BEIJING (Reuters) – China will ban entry to ships from an area near Taiwan on Sunday because of possible missile debris, China’s maritime safety agency said on Thursday, as Japan demanded details from Beijing about China’s no-fly zone. Same site.
China has not commented on the no-fly zone but South Korea, which has also been briefed on the plans, said it was due to the fall of an object related to the launch vehicle.
The disruption comes during tensions in the region over Chinese military exercises around Taiwan, in a show of force in response to a meeting last week in Los Angeles between Taiwan President Tsai Ing-wen and US House of Representatives Speaker Kevin McCarthy.
China regards Taiwan as its own territory and objects to any interactions between the Taiwanese leadership and foreign officials. Taiwan rejects China’s claims to sovereignty.
Taiwan’s government on Wednesday confirmed a Reuters report that China plans to impose a no-fly zone from April 16-18 – when Japan hosts a meeting of Group of Seven foreign ministers – but later said China had reduced the requirement to just 27 minutes on Sunday morning. After Taipei protested.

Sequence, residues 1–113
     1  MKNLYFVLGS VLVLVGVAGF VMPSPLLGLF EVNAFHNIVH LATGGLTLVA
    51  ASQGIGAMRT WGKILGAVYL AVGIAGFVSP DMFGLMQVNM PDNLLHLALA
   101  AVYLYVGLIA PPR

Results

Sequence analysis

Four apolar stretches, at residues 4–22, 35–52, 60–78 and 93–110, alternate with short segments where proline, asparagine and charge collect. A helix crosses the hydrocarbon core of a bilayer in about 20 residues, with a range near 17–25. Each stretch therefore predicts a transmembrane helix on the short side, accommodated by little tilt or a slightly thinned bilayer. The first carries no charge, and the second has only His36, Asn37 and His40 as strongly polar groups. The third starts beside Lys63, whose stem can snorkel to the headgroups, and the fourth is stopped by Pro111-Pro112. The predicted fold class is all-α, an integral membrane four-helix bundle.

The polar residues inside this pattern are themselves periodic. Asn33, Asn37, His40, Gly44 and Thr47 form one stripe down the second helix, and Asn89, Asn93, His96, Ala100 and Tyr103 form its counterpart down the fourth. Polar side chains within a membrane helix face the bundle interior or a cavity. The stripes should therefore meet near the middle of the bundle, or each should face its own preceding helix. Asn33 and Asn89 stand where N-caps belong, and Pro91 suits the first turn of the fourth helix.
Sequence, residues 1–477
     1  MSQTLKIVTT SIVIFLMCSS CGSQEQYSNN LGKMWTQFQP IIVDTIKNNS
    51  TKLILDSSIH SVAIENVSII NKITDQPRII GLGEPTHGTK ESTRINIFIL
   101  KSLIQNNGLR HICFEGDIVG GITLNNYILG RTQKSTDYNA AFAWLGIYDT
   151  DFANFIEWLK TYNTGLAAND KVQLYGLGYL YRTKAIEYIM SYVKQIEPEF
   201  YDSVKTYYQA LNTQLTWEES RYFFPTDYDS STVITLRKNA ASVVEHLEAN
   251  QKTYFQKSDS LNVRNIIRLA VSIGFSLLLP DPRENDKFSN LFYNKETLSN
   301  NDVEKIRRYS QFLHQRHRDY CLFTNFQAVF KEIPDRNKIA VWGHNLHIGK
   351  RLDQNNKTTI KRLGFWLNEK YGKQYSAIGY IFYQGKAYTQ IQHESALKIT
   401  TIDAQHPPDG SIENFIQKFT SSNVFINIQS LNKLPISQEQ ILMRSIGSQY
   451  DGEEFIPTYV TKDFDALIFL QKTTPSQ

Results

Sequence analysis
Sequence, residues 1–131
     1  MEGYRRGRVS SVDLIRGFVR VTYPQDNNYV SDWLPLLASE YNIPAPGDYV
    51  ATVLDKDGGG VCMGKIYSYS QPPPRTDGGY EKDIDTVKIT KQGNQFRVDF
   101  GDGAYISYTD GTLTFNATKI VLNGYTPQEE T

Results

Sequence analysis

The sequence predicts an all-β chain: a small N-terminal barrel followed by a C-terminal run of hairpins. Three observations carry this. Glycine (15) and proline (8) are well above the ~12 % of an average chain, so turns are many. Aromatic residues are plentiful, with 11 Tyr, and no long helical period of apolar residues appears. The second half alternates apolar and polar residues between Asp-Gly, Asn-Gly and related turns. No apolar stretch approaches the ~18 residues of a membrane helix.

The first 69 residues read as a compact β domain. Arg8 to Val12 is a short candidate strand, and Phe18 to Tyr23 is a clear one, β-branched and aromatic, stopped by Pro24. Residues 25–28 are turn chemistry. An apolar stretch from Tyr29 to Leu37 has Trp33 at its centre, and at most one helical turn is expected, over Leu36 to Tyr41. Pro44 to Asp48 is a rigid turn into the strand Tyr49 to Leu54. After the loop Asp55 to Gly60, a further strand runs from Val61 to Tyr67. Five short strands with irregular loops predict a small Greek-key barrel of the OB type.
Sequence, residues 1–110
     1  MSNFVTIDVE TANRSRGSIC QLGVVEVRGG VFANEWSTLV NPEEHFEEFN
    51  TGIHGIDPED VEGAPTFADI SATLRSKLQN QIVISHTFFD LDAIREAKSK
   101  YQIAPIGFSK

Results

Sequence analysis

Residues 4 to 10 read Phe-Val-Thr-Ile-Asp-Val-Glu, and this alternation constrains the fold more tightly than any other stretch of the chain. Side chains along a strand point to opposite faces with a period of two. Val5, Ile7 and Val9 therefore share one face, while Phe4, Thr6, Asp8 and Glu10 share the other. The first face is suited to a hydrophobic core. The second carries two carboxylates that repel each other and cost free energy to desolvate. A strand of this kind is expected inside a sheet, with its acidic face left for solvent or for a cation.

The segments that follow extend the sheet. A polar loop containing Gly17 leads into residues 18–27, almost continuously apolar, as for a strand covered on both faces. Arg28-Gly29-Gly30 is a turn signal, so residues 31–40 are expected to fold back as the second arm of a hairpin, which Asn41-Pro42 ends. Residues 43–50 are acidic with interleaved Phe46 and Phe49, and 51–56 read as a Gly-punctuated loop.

Taiwan’s official Central News Agency reported, citing the island’s Transportation Minister Wang Kuotsai, that the no-fly zone will affect about 33 flights.
In a brief statement, the China Maritime Safety Administration released the coordinates for the area, saying that shipping is prohibited from entering from 9 a.m. (0100 GMT) until 3 p.m. Sunday as “there may be missile debris.”
The coordinates correspond to a rectangular area located in northeastern Taiwan, with the nearest point 118 kilometers (73 miles) from Taiwan, shown on a map released by Taiwan’s Ministry of Transportation late Wednesday.
This area is located northwest of the Japanese island of Ishigaki and close to a group of disputed islets in the East China Sea that Japan calls Senkaku and China Diaoyu.
A senior Taiwanese official, who spoke on condition of anonymity because he was not authorized to speak to the media, told Reuters that China had not changed its previous notice on the flight restrictions for 27 minutes on Sunday, and that the new notice only covered ships, not planes.
Chief Cabinet Secretary Hirokazu Matsuno said Japan demanded an explanation from China on Wednesday about what was going on.
“The government continues to collect and analyze detailed information, including contacts with the Chinese side, and will take appropriate measures based on the results,” Matsuno said at a press briefing.
China’s Foreign Ministry declined to comment.
Taiwan’s transportation ministry said it had no additional information, following a statement on Wednesday that said China would shorten the time of what the ministry called an “aviation activities area” to half an hour from three days.
Reporting by Liz Lee; Additional reporting by Yimou Lee and Ben Blanchard in Taipei and Chang Ran Kim in Tokyo; Editing by Bernadette Baum and Jason Neely
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